How do you explain to your partner, child, grandfather or grandmother what you are doing all day long. Developing an app or software development in general is usually very abstract. Their general response or thought is something like “oh, he does something with computers …” Or they ask if you you can help them with a computer or printer problem, it fits the job description, right!?
The Interaction Design (UX/UI) is often easier to explain, because someone immediately comes up with an example of a UX bad-practice. Often this gives a nice(r) conversation and sometimes even renewed insight.
Working with a Low-code platform immediately sounds technical, no clue and seen as a too abstract… So let’s make things understandable (and awesome).
Recently I asked for some LEGO® as birthday gifts. Why? I like it for different reasons; I use it to stimulate my own creativity, or to work out something in concept (eg during a Design Thinking Prototype phase). But there is more to it, it touches the essence of a low-code platform like OutSystems. Only OutSystems offers a few nice extras.
So let’s say you want to buy a box of LEGO®, for example the Ultimate Collector’s Millennium Falcon , you can of course construct it according to the instructions and once built, you can enjoy your creation with satisfaction. Maybe you give it a prominent place in the house to impress friends or family that this piece of LEGO is no child’s play ;-)
However, making something according to the manual is only one aspect of the LEGO idea. The biggest and most important aspect is that you can make anything you think of. They are tools in your hands to express your creativity, whether it is a variation of the Millennium Falcon or it is something simple that captures the essence (more on that later.).
Hit the wall
With my LEGO collection I sometimes run into a limitation, having too few pieces or lacking a specific type of brick … This is exactly the limitation you encounter with many low-code platforms. In the form of; Sorry it is not part of the package; f.e. no offline capabilities, or you have a lock-in and you just have to deal with it.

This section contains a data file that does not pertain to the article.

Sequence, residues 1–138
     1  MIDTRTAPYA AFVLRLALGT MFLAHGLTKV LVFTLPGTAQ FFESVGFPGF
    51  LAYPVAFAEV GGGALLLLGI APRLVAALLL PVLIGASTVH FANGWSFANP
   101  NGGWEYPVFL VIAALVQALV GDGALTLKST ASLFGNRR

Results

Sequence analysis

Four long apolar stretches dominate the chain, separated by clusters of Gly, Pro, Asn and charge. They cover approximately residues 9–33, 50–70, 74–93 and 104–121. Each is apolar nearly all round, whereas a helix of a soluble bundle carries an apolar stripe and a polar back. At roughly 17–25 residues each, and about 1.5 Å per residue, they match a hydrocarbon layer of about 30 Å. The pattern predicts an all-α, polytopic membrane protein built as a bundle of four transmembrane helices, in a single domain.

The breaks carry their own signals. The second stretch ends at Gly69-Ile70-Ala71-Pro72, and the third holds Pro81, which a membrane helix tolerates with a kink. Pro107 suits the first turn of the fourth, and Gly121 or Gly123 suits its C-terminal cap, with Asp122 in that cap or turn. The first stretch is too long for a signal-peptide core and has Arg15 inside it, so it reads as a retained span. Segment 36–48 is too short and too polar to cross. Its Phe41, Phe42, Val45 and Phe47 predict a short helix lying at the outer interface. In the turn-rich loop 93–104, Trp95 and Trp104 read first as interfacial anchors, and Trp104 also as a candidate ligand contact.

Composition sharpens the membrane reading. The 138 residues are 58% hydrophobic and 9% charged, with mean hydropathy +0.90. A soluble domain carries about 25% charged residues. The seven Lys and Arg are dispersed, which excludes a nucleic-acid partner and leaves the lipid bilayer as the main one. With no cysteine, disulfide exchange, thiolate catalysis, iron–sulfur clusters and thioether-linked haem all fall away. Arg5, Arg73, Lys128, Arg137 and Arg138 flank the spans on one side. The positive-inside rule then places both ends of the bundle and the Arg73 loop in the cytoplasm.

The beauty of the OutSystems platform is that it provides you with all the bricks and tools necessary. You can see it as when using the OutSystems Platform you get a 3D printer. Giving you the ability to create your own LEGO bricks (Integration Studio).
You can also use other “LEGO bricks” or constructions made by the community (Forge). Creativity should not have limits ;-)
Keep it simple
Of course with more than enough LEGO bricks you can build everything, but often the power lies in simplicity. Capturing the essence, if you take Christhoph Niemann for example, his work is phenomenally in simplicity in his “I LEGO NY” book. Reading this and just looking at his creations appeals to the imagination and inspires to new creative ideas.
This aspect of LEGO is not unique to OutSystems, but it is a mindset that applies in the design and construction of your app. Focus on the business values for your end-user without too much distractions. Thankfully OutSystems can be used and help you in keeping things simple. Of course this goes much further than creating a simple app, because it can also be used in complex mission critical environments. But then again, they know how to keep things simple and easy in dealing with feedback (corrections/additional features). (More about that in my previous (dutch) blog on LI: Fail fast, fail better!)
Anyway, back to the (LEGO) Millennium Falcon, this ship proved its name by doing the Kessel Run in 12 parsecs, where 18 parsec was standard. OutSystems proves that creativity, speed and performance of your apps should not be hold back by any boundaries, but rather disrupting them, setting a new standard. You can read all about it in their White Paper on scalability and performance.
So what are you going to do today?
So next time you’re at a birthday party or having dinner with your spouse; tell them how cool it is to play with LEGO all day long. However I can imagine that your kid/nephew/niece will ask you to help with his or her LEGO creation. But who cares, who doesn’t like LEGO! ;-)